I would have you understand that I am all for recycling. Use it up, wear it out, make it do or do without--it was sound advice during World War II, and it still is today. Still, despite my committment to sustainable blogging, I was not pleased to see the Center on Budget and Policy Priorities reissue the graph I blogged about last year in virtually the same form.
I didn't think much of this graph at the time, and I still don't. The effect of the graph is to make it seem as if we could, by simply refusing to extend the Bush tax cuts on high earners, cover virtually all of the Social Security shortfall that is going to be putting immense pressure on the budget deficit over the next century. But this is not the case.
The CBPP gets its figure by taking present values of the Bush upper income tax cuts extended over 75 years, and comparing them to the present value of the Social Security shortfall. For those who haven't taken finance classes, present values are sort of like compound interest, in reverse. Instead of adding up the future gains from interest rates, you discount future cash flows by a discount rate. Why do this? Mostly because of a financial truism: a dollar today is worth more than a dollar tomorrow: it's certain, not risky, and while you can only use a dollar tomorrow, erm, tomorrow, you can use today's dollar either immediately, or at any time in the future.
Present value is a very useful tool for comparing different investment projects. Say you have one investment project that gives you an immediate return, and one that will give you a much higher return eventually, but takes ten years to pay off--a present value calculation lets you assess which project is actually going to be worth more.
But present value has some drawbacks, too. Our contractor was over last night trying to shore up some joists in our basement that were inappropriately cut to run electric wire, and I mentioned to him that I was working on this post. He thought for a minute, and then summed it up perfectly: "It seems to me that you've got two main problems here: liquidity constraint, and an inappropriate discount rate." Just so. Let me see if I can unpack that a little.
Because it discounts future dollars, often quite heavily, cash flows which happen beyond 10-20 years out virtually disappear. In this case, I assume that the CBPP used the same 5.25% discount rate that it used last year. Just to illustrate what the effect of that discount rate is, if you had a guaranteed $100 payment every year for the next 75 years, discounted at 5.25%, the present value of that cash flow would be $1864, versus the $7500 you get from just adding them all together. Over half of that present value comes from the first 14 years of the 75-year period. By twenty years out, that $100 is only worth $35 a year to you.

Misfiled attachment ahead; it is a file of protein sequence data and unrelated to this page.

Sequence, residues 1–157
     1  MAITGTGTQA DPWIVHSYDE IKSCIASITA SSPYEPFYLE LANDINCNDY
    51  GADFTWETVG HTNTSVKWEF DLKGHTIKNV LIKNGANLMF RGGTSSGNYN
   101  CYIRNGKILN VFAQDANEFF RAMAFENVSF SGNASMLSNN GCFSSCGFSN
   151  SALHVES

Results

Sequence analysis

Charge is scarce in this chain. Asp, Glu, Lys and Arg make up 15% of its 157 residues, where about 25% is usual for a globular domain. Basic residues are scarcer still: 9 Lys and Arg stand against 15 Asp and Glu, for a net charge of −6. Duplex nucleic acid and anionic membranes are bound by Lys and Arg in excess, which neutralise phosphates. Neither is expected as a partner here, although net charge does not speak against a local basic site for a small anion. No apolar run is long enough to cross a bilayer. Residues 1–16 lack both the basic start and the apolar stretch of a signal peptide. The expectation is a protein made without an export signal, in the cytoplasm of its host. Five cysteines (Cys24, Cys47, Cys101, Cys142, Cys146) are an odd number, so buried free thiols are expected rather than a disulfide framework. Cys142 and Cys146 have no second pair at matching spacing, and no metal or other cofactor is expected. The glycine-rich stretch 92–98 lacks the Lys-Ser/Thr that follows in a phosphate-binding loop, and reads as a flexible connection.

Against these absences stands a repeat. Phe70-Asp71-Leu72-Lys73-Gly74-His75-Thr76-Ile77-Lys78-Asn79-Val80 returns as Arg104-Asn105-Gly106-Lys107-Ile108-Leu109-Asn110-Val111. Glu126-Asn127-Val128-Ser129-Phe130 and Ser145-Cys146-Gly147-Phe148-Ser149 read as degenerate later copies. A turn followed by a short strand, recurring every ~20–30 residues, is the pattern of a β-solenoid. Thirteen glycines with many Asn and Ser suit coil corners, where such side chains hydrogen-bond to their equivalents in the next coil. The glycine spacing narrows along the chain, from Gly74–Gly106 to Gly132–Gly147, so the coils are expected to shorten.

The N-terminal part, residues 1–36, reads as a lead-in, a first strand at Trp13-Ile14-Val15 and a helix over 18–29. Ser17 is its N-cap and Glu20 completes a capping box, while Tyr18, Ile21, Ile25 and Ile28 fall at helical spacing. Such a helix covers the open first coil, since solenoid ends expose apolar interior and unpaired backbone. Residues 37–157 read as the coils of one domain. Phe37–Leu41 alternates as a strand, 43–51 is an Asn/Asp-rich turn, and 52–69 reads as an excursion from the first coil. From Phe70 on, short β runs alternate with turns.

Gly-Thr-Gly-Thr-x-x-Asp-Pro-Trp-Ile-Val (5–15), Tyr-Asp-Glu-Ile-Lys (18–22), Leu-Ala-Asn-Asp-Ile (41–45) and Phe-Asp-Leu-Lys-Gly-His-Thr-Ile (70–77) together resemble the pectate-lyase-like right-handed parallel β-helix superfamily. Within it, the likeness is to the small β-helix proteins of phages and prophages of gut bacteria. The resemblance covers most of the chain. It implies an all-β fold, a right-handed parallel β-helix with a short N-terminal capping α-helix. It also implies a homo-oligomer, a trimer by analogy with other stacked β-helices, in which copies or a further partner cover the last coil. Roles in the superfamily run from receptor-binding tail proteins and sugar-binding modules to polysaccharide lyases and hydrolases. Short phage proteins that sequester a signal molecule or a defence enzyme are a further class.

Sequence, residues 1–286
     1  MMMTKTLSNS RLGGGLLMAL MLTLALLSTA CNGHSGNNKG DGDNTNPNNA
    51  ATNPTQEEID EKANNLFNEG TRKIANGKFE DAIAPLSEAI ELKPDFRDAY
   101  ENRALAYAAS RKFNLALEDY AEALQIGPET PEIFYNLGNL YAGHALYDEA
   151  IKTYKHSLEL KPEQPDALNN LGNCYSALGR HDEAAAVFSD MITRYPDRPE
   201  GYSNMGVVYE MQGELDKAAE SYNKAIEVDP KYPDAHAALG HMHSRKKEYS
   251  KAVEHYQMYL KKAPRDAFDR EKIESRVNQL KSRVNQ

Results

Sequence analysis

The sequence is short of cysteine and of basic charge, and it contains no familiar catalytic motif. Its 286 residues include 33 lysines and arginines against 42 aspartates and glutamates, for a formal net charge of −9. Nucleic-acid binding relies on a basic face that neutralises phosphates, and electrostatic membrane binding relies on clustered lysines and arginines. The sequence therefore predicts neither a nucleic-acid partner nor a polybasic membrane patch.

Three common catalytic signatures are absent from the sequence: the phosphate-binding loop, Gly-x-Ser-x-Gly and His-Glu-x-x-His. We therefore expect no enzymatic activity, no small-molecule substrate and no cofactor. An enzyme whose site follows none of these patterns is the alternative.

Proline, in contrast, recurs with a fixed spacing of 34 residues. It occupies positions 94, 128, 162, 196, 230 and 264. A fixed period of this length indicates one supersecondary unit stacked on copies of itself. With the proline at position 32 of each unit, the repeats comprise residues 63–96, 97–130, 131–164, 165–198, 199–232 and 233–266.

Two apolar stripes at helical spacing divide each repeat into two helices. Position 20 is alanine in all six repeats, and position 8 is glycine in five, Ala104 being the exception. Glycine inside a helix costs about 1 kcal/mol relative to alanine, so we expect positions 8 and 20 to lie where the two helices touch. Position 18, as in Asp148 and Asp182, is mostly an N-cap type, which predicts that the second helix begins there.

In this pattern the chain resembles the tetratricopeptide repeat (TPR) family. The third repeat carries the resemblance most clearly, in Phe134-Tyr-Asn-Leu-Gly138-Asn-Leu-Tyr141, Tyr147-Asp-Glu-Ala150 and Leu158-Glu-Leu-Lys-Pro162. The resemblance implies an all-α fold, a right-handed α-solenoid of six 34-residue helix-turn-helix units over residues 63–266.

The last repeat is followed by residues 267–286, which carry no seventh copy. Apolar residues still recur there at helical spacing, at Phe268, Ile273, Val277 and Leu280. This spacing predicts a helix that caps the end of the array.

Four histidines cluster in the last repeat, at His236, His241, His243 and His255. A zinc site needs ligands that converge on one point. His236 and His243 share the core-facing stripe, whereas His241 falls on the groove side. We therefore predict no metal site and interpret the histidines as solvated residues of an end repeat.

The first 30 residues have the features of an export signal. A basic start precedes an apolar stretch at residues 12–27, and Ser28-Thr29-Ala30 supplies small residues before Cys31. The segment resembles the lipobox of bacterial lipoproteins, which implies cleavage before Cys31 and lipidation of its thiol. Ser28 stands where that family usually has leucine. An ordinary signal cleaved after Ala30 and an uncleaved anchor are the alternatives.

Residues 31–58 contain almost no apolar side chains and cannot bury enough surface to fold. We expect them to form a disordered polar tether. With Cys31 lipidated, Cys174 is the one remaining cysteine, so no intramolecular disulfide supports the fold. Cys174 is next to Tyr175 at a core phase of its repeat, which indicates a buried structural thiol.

Now let's assume that someone comes along and offers me a deal: I can buy that guaranteed $100 cash flow, worth $1864, by taking out a loan. That loan has no interest payments for the first 30 years, and then I have to pay back $400 a year from year 30 to year 75. Should I do it?
Present value would say yes! The present value of those future $400 payments is only $1563, much less than the present value of my $100 annual payments that start now. But obviously, I am going to have trouble in year 30 covering my $400 payment with the $100 I am taking in every year.
The difference could be made up in savings; if I could save all my $100 payments at a guaranteed interest rate of 5.25%, then by year 30, the interest on my savings would be $382; using a combination of interest and slow withdrawals, I could pay off the loan and still have $4500 in the bank.
But the government does not borrow and save like normal people--its constraints are different. The closest it can come to saving is to pay off debt. And our debt is not yielding 5.25% right now; our highest-yielding debt is paying 4.375%, which the government is trying to sell more of, not pay off, in order to lengthen the average time-to-maturity of the debt held by the public, which lowers the risks to the Treasury of a sudden interest rate spike.
The average interest rate on debt held by the public is around 3% right now; it hasn't been as high as 3.75% since April 2009.
Now, you might say that this is not an ordinary time, and that when we pay off our debt in the future, we will get a better "return" on our savings. But remember that discount rate: it means that the immediate future is what gives you the most bang for your buck. And we've only got nine years of "savings" before the Social Security shortfall becomes larger than the cost of the Bush tax cuts, as this graph from the invaluable Committee for a Responsible Federal Budget points out: